Posted by Alan on October 26, 2011
One of the big struggles I have had over the past few years is the ability to do a comprehensive sales, proof of concept or training demo that covers the entire Microsoft BI Stack and always being able to present practically anything in any combination without the luxury of a huge lead time. Why has this been a problem? Well it is all due to the fact that the robustness of the Microsoft BI stack is really a double-edged sword. On the positive side, I have a ton of great functionality to choose from that can be molded to fit the unique needs of the client. On the downside side, staying on top of all the potential moving parts has become more and more difficult over time as the product line has grown.
So up to this point I have been pretty much been relying upon the virtual images that Microsoft creates, albeit it with tweaks and modifications of my own. Over the course of time I have worked with many versions of the Microsoft All-Up BI demo. The 7.1 version was a great start and the first one with which I ever worked. I am not sure if a 8.x image was ever produced, but if it was I don’t believe it was ever made available to the general public. The 9.2 image sucked big time and that is an understatement. And the latest image entitled “X” (for 10 I assume) is fantastic and really shows the potential of the products and has a great deal of “eye candy” as well. In fact, you can visit the Microsoft Online Demo Solutions site and check out 9.5 and X and judge for yourself.
Now I know Microsoft puts in a lot of effort into these and for the most part does a great job, but all these images share one fatal flaw. Read the rest of this entry »
Posted in Business Intelligence, Excel, Microsoft, Office, PerformancePoint, PowerPivot, SharePoint, SQL Server | Tagged: BI, Demo, Hyper-V, Image | 4 Comments »
Posted by Alan on October 7, 2011
It has been a while since I did any serious posting. My off hours have been busy with summer activities (mostly drinking beer and mojitos on the back deck) and work has been consumed with our new planning solution. Any of you who have followed me know about my long and sordid history with planning solutions. To avoid the pains of the past we here at TGO Consulting decided to take matters into our own hands and over the past 6 months have been working on building our own solution.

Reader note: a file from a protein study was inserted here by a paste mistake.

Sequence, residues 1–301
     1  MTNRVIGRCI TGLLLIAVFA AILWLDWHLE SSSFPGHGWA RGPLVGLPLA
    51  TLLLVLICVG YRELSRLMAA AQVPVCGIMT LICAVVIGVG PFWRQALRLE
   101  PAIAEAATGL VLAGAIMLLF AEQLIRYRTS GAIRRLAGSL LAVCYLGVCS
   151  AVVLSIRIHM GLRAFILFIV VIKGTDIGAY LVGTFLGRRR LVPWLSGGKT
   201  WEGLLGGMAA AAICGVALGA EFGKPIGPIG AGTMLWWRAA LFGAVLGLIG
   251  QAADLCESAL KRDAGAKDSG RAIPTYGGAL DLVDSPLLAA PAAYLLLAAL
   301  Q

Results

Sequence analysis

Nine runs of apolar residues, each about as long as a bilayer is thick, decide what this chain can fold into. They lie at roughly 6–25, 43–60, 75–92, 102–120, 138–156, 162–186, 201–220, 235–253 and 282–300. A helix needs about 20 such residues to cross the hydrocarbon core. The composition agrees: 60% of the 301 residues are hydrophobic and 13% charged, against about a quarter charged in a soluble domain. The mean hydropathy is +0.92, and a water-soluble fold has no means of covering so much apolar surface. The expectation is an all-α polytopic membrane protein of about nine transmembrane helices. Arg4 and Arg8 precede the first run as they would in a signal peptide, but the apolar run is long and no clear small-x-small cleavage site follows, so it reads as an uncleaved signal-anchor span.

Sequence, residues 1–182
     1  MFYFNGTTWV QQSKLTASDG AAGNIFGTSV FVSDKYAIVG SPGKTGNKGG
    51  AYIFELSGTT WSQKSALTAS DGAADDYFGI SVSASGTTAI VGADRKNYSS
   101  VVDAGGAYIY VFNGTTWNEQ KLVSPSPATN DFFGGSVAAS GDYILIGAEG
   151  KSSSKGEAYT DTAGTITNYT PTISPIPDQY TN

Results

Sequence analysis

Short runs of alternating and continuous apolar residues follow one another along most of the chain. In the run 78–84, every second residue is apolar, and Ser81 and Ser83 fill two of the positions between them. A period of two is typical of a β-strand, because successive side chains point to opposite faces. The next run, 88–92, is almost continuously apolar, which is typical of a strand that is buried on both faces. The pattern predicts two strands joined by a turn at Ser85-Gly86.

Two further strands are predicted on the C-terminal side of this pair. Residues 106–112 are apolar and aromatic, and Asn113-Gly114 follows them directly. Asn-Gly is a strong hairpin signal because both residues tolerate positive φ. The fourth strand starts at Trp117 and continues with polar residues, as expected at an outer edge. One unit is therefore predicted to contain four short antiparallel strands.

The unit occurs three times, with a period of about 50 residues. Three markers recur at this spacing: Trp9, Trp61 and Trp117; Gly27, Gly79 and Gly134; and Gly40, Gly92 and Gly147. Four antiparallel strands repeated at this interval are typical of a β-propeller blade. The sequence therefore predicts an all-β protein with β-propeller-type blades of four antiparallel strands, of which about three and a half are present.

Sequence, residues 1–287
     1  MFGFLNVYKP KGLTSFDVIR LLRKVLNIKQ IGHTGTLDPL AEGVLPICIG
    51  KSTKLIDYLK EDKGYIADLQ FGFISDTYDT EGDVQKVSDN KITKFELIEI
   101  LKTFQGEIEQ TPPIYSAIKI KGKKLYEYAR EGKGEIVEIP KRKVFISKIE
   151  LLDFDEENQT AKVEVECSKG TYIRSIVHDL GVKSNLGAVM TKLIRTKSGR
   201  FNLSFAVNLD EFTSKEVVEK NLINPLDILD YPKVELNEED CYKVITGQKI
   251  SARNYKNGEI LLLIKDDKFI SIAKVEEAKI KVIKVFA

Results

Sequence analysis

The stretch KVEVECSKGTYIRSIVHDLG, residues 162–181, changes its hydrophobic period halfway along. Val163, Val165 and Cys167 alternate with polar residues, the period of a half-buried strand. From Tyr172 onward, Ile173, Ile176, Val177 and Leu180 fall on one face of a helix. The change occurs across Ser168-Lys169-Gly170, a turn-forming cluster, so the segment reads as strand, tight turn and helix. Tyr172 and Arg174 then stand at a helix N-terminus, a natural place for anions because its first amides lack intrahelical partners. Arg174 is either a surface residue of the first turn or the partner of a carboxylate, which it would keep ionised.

I am very happy to report that a half-year of joy, frustration, awe, anger and a dozen other emotions has finally resulted in our first release. Below is our first semi-formal write-up for True Sky Planning, Budgeting and Forecasting. I am sure it will undergo some marketing transformations as we refine our message, but it should give you a good overview of what we have accomplished.
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True Sky Planning, Budgeting and Forecasting™ is a powerful and flexible solution that helps organizations manage and streamline their planning process. The basic philosophy of True Sky™ can best be described as:
Posted in Excel, SharePoint, SQL Server, True Sky Planning | Tagged: Budgeting, Forecasting, Office, Planning | Leave a Comment »
Posted by Alan on April 7, 2011
Two questions I tend to get asked over and over again are:
- Exactly what products are you talking about when you refer to the Microsoft BI stack?
- Where do I get more information on a particular product in the stack?
So being the lazy and generally unsociable person I am, I decided to bite the bullet and create a post that I could just point people to rather than having to retype my answers over and over again. So below are the components that I consider part of the Microsoft BI solution offering, as well as some links to more information on those products. If I have missed anything or if you have some suggestions for some additional/better links drop me a line and I will add it to the list. I am also going to pin this to my main navigation bar so people can find it easily. So without further adieu here is the list:
Read the rest of this entry »
Posted in Excel, Microsoft, Office, PerformancePoint, PowerPivot, SharePoint, SQL Server | Tagged: BI Stack, Components, List | 25 Comments »
Posted by Alan on January 27, 2011
As we were brainstorming the design for the TGO Budgeting Solution we eventually touched upon the topic of the back-end storage model and whether we should go with a solution that is primarily relational or “cubular” in nature.
[NOTE: I am not sure if “cubular” is a real word or not, but those of us in the BI group here TGO Consulting use it in day-to-day conversation. So if it isn’t a real word then consider this post is me copyrighting the term right now. Over the course of time you will see more of these wacky words we are trying to get into the mainstream vernacular.]
So in the past, along with Excel, I have worked with solutions that were completely relational based (i.e., Forecaster), those that were primarily relational based but with some smattering of OLAP (i.e., Enterprise Reporter), those that were fully OLAP based (i.e, PerformancePoint Planning) and those that utilized a combination of the two (i.e., Clarity CPM). The fact that I have worked with 4 different structured solutions, that were created by 4 different developers and there are 4 different storage models, pretty much shows that there is no one general consensus of the best way to design the storage for an enterprise planning solution.
No clear winner in this arena meant we had to make this decision for ourselves. To aid our decision process we laid out the pros and cons of each type of storage model into an all encompassing matrix. A cut-down, bullet point version of our matrix is shown below: Read the rest of this entry »
Posted in SQL Server, True Sky Planning | Tagged: Cube, Hybrid, OLAP, Planning, Relational | Leave a Comment »